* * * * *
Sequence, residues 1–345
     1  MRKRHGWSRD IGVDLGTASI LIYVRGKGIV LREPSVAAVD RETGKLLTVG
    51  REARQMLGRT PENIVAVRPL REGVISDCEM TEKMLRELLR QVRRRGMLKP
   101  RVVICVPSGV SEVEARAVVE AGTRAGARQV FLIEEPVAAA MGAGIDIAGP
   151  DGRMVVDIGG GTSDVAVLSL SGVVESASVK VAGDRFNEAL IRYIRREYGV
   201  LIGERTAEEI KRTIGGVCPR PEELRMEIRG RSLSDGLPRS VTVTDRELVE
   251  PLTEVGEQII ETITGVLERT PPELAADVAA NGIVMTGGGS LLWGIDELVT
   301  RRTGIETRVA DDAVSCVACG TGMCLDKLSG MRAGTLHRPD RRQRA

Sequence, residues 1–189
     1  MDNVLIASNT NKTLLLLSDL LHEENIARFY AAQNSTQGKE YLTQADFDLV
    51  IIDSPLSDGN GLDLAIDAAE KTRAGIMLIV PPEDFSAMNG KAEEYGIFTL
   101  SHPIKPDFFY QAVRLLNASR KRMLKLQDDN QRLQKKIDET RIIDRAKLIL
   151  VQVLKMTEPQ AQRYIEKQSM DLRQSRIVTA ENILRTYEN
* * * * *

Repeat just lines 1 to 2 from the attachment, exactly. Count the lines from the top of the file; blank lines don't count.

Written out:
Sequence, residues 1–345
     1  MRKRHGWSRD IGVDLGTASI LIYVRGKGIV LREPSVAAVD RETGKLLTVG